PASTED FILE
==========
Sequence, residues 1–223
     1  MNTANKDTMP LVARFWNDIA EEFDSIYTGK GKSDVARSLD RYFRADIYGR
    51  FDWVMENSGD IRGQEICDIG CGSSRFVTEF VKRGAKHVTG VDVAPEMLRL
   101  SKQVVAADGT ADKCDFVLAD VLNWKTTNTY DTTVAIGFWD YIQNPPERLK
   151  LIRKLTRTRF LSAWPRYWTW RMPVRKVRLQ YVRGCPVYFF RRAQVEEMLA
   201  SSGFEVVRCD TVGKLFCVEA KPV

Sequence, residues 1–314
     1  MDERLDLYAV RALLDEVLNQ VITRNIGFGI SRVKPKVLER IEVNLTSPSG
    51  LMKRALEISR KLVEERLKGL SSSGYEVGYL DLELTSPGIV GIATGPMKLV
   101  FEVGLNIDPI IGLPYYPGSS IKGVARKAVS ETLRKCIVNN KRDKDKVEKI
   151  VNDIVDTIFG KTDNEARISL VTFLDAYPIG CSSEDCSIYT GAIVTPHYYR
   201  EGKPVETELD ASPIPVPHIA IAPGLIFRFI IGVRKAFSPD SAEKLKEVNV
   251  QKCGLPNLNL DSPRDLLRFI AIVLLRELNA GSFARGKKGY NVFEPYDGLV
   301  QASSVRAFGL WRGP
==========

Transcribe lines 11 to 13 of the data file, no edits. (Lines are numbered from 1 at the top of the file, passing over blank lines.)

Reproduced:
   151  VNDIVDTIFG KTDNEARISL VTFLDAYPIG CSSEDCSIYT GAIVTPHYYR
   201  EGKPVETELD ASPIPVPHIA IAPGLIFRFI IGVRKAFSPD SAEKLKEVNV
   251  QKCGLPNLNL DSPRDLLRFI AIVLLRELNA GSFARGKKGY NVFEPYDGLV